After that exhibition in Brummer’s gallery, Despiau will never more live in poverty. And he will impose his style, being sometimes considered the « leader » of Independent Art. Despiau is approached for honours. He accepts them, as he will always welcome any young artist to whom he never will be able to say he is going the wrong way, or is a bad sculptor. For him, their enthusiasm is good enough as a passport. Technique, hard work, craftsmanship contribute to the permanent evolution of each sculptor, to this research. He is ready to give counsel, untiringly, but he will always be respectful of everyone’s art. Numerous are those who consider themselves as Despiau’s pupils because they met him, discussed with him about sculpture. But while Despiau knew how to show, he had problems communicating about his art, even more, criticizing. Despiau has never had pupils. He was too modest to think that he held the truth and everyone had to find his place by himself. He accepted a professorship at the Ecole Scandinave de Paris (1927) but the experience did not last. He turned down Kemal Atatürk’s invitation to take the direction of the School of Fine-Arts of Istanbul (1930). He is not made for these jobs.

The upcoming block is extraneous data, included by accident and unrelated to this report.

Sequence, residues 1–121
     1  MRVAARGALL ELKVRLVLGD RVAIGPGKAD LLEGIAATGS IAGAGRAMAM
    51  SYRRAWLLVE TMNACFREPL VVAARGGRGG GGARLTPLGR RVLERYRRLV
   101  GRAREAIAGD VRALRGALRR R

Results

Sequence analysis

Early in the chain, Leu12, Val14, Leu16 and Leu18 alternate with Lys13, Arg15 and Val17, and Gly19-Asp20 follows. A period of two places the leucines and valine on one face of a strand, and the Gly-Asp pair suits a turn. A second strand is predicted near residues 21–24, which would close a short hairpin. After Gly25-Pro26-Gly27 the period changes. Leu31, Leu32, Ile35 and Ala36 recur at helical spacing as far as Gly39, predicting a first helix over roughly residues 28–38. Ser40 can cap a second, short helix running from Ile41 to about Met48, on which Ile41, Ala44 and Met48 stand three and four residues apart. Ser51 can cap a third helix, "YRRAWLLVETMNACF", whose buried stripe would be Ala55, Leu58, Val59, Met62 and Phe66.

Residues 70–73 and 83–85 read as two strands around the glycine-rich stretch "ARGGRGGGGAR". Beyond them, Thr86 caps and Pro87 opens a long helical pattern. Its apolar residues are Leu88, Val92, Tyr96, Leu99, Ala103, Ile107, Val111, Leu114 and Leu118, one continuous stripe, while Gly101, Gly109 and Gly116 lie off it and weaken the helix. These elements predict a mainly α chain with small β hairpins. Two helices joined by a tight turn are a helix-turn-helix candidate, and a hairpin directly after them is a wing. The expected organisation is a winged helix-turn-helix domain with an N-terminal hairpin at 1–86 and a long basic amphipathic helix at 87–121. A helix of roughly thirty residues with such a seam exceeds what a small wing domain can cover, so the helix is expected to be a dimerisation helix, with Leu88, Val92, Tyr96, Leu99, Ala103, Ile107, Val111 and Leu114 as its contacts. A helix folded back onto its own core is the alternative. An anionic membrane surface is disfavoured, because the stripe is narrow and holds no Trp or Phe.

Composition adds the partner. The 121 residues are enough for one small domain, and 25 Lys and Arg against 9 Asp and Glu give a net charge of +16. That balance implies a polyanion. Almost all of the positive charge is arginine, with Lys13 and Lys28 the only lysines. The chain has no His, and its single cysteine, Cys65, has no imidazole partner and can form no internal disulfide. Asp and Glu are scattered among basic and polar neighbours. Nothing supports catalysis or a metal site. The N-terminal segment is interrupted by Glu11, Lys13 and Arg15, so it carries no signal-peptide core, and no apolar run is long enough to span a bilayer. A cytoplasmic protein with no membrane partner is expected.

In 1930, Léon DESHAIRS, eminent art critic, publishes a book on Charles Despiau and his works, a kind of Catalogue raisonné in anticipation. It has been the only one published so far.

Personal exhibitions, retrospectives, follow one another.